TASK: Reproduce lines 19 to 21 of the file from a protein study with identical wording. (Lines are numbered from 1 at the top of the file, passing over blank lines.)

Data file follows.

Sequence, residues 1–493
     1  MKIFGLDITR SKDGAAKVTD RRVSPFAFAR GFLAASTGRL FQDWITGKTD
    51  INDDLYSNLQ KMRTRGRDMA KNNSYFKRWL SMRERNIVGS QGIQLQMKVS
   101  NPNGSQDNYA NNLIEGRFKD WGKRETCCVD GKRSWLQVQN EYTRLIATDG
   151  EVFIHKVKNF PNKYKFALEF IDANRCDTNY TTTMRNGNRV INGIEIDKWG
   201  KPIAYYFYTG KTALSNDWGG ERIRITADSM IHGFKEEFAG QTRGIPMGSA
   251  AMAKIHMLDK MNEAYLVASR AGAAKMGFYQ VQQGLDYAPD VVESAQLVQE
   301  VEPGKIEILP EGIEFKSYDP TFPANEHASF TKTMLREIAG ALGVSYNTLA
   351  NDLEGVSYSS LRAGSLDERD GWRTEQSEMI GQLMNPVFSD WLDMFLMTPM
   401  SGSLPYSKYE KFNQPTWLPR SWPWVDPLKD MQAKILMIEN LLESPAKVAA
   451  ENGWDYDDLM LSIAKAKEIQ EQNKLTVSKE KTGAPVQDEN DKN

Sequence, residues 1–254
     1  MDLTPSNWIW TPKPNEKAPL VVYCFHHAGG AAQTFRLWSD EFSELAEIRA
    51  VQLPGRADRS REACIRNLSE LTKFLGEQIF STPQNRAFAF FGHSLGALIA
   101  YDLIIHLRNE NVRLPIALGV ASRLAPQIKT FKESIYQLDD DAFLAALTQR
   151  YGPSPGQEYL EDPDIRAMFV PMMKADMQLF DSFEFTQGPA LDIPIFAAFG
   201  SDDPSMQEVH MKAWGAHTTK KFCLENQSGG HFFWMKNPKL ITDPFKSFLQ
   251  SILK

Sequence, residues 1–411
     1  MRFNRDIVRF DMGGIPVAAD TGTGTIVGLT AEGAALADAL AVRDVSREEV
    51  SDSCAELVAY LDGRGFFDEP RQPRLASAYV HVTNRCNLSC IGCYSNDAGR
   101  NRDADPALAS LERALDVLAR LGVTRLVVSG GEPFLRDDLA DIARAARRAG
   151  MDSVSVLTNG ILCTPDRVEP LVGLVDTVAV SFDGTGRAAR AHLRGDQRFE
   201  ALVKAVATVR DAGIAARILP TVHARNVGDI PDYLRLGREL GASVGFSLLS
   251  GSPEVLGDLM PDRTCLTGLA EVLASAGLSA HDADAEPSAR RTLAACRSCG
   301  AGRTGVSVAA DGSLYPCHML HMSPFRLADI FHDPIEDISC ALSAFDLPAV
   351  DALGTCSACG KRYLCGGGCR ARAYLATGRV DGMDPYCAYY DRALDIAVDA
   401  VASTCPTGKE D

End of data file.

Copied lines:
Sequence, residues 1–411
     1  MRFNRDIVRF DMGGIPVAAD TGTGTIVGLT AEGAALADAL AVRDVSREEV
    51  SDSCAELVAY LDGRGFFDEP RQPRLASAYV HVTNRCNLSC IGCYSNDAGR